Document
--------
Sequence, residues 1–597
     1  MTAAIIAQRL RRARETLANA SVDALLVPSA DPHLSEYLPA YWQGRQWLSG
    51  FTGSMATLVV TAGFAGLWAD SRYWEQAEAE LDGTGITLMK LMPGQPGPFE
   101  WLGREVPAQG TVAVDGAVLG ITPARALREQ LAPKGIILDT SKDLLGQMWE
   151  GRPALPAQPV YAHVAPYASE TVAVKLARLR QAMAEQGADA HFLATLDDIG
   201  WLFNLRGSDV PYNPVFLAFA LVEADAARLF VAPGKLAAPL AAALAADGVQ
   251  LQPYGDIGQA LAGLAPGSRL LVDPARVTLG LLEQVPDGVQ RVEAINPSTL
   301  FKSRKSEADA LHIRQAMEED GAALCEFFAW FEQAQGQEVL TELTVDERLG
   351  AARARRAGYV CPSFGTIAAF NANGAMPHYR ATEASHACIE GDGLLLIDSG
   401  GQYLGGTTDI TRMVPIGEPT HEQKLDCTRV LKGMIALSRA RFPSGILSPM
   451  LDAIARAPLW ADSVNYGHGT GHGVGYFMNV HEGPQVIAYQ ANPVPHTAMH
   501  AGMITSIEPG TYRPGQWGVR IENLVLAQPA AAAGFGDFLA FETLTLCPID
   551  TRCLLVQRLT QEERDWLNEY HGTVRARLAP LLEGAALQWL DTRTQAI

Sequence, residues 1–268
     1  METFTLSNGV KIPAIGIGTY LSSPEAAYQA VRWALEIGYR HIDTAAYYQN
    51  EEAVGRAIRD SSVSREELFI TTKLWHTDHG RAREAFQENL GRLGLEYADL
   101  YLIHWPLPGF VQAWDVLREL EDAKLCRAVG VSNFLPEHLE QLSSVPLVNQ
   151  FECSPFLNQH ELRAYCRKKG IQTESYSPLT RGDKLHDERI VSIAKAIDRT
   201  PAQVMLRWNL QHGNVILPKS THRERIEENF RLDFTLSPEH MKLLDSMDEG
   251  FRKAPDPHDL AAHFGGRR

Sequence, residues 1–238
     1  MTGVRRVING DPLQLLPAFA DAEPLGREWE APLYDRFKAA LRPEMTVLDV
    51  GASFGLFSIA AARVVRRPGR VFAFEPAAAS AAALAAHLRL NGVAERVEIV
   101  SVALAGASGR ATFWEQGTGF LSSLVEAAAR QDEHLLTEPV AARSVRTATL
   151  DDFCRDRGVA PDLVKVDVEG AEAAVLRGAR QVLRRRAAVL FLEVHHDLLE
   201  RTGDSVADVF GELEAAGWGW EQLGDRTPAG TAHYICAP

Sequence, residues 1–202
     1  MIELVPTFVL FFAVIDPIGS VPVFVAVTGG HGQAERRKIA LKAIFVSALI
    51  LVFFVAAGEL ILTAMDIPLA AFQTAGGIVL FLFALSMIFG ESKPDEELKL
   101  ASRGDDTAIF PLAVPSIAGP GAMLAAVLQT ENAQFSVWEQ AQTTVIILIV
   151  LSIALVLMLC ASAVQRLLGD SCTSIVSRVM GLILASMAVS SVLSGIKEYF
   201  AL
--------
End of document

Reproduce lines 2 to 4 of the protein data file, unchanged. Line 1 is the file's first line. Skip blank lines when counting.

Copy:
     1  MTAAIIAQRL RRARETLANA SVDALLVPSA DPHLSEYLPA YWQGRQWLSG
    51  FTGSMATLVV TAGFAGLWAD SRYWEQAEAE LDGTGITLMK LMPGQPGPFE
   101  WLGREVPAQG TVAVDGAVLG ITPARALREQ LAPKGIILDT SKDLLGQMWE